Heb Sed Hieroglyph
The heb glyph represents an alabaster bowl. These bowls were used for special purposes like festivals or feasts. In Egypt, craftsmen used alabaster for canopic jars and various other sacred and sepulchral objects. The ancients considered alabaster to be the best material in which to preserve their ointments. Alabaster was used for vessels dedicated for use in the cult of the deity Bast in the culture of the ancient Egyptians, and thousands of gypsum alabaster artifacts dating to the late 4th millennium BC also have been found in Tell Brak (present day Nagar), in Syria. In Egyptian religion the alabaster bowl was a sign of purification and renewal. I have included an exquisite example of an alabaster bowl from the Metropolitan Museum from the 4th-5th dynasty as an example. This sort of bowl would have been very valuable and probably only used for special occasions.
The frog was admired in ancient Egypt for the abundance of its offspring and so became a symbol of creation, fertility, birth, and regeneration. As an underworld animal it was associated with the forces which initially brought life into being. The four male gods of the primeval eight who ruled before the creation of the world were thus frog-headed. Based on my research, the animals inside the “festival” hieroglyph are frogs which would be symbols of regeneration although they are sometimes represented schematically.
Heb Sed Amulets
Psamtik I (also spelled Psammeticus or Psammetichus; (664 – 610 BCE), was the first of three kings of that name of the Saite, or Twenty-sixth dynasty of Egypt. A counterpoise amulet, (menat and counterpoise), for Psammetichus I uses the three separate hieroglyphs for pavilion, hall, and basin. The sequence is hall-above-basin, then pavilion. What follows the three signs is a lizard (hieroglyph), then the Nesu-bity-name-(King of the South, King of the North) in the cartouche of Psammetichus II. (The lizard refers to the “multitudes”, (the populace of Ancient Egypt).The beginning of the text column with the cobra-at-rest-(for speech), then states: “Hb-Sd”, determinative-(?) Gard. no. N20, N20. The complete text states approximately: “Announce: Heb-Sed, (The)-Multitudes, “Nesu-bity”, Psammetichus II.”
Heb Sed Court of the Pyramid of Djoser at Saqqara
There is clear evidence for early pharaohs celebrating the Heb Sed, such as the First Dynasty pharaoh Den and the Third Dynasty pharaoh Djoser. In the Pyramid of Djoser (27th century BCE), there are two boundary stones in his Heb Sed court, which is within his pyramid complex. He also is shown performing the Heb Sed in a false doorway inside his pyramid. There is some speculation that the thirty year period to the pharaohs first Sed festival is related to the time to plan and construct the step period of Djoser (10 years to plan, 20 years to build).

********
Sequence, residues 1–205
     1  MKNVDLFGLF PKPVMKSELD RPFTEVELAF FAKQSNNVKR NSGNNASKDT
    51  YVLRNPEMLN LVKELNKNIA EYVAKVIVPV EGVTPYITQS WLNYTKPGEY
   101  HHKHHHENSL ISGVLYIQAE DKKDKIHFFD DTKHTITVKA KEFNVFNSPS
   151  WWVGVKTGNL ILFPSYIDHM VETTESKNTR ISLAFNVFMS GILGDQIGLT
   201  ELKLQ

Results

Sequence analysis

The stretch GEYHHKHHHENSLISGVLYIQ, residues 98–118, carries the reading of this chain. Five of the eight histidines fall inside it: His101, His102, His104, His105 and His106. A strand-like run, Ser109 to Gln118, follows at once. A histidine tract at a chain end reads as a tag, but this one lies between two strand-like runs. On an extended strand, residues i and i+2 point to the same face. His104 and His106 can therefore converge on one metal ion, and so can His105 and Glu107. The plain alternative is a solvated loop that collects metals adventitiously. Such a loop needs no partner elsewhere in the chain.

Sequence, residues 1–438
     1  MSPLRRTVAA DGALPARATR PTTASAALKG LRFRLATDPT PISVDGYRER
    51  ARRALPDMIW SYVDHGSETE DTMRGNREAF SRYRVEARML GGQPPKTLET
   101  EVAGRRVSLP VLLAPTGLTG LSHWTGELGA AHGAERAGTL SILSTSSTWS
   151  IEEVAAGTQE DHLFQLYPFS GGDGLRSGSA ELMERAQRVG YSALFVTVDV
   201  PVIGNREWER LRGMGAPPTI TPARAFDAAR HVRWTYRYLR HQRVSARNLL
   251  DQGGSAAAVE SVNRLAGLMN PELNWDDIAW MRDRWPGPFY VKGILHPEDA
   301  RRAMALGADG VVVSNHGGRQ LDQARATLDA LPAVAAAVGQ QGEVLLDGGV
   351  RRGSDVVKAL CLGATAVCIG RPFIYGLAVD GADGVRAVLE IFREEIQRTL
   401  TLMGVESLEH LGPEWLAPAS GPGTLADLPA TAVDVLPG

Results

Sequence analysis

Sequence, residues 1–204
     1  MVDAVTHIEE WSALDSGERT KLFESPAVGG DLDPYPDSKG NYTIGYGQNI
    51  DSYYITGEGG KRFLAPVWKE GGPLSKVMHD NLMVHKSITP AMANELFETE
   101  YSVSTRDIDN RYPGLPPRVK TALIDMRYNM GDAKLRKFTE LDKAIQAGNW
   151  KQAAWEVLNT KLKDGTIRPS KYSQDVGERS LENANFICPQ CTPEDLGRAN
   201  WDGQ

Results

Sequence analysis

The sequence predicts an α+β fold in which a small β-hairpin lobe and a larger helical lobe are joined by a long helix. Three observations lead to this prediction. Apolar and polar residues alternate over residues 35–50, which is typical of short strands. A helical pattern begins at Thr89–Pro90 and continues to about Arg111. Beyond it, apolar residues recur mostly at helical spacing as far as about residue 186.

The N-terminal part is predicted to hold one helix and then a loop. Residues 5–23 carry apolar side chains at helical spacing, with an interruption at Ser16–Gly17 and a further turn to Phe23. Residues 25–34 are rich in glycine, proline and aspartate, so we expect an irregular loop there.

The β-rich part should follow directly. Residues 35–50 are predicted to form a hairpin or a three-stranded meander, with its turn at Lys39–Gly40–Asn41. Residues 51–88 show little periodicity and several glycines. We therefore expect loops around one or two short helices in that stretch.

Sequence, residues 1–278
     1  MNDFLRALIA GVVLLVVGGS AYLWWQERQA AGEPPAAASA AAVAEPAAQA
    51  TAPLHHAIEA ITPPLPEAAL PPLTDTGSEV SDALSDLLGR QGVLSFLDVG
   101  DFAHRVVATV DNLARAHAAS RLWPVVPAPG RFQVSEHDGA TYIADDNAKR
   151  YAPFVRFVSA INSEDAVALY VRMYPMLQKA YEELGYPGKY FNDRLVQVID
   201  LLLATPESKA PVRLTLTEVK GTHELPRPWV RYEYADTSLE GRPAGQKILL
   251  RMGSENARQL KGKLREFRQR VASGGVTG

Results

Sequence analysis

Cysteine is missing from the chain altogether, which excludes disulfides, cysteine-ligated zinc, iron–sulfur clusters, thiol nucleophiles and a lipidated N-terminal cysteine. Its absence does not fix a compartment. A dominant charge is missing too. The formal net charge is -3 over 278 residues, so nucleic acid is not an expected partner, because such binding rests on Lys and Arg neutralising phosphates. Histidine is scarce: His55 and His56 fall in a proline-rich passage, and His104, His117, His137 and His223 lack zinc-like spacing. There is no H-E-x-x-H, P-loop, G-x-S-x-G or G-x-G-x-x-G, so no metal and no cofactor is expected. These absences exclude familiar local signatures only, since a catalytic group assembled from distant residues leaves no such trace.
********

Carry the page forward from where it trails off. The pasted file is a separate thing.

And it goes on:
First Day of the Sed Festival
On the first day of the festival, the king presented offerings to the gods. He was then was seated and crowned on a raised platform provided with two thrones that represented Upper and Lower Egypt (note the wide platform with two sets of stairs in the Heb Sed court in the photo above). Images of provincial deities in a series of shrines were shown beside the double throne, specifically the cobra-goddess Wadjet of the Delta town of Buto, and the vulture goddess Nekhbet of el-Kab; symbols of Upper and Lower Egypt. The priests carried the statues of the gods and presented offerings, in a sign of giving thanks for past loyalty or to secure good relationships in the future.
The beautiful hieroglyphs on this vessel identify its owner and the ritual in which it was used. On the left is King Pepi I's Horus name (one of a king's five names), “Beloved of the Two Lands [Egypt].” At center is his throne name, Mery-re; below are brief, symmetrical texts reading, “given life and dominion forever.” On the right is a text, “First day of the Sed-festival.”
Feast of the Tail
The king was then attired a short kilt with a bull's tail in its back, which probably gave the festival a less formal name: “The Feast of the Tail”. In the open space between the two rows of shrines, the king ran a ritual race alongside the Apis Bull four times as the ruler of Lower Egypt wearing the Red Crown, and four times as that of Upper Egypt wearing the White Crown. The course was bounded by two points symbolizing the borders of Egypt to reinforce his dominion over the whole kingdom, and at the same time he dedicates it to the gods. In doing so, he proved that he was still physically able to rule the country, and was thus rejuvenated and reborn. At Karnak there are blocks from the reconstructed Red Chapel that show Queen Hatshepsut as pharaoh, running with the Apis bull between the markers. Hatshepsut (18th Dynasty) held her first jubilee during her 16th regnal year, as she counted her 4 years of co-regency with Thuthmose II (her husband and the preceding king) and the 7 years co-regency with his son Thuthmose III. She thus marked the 30 years count since the death of her father, Thutmose I, from whom she derived all of her legitimacy to rule Egypt. The festival was commemorated at Karnak, where blocks from the reconstructed Red Chapel show her as king, and running with the Apis bull between the markers.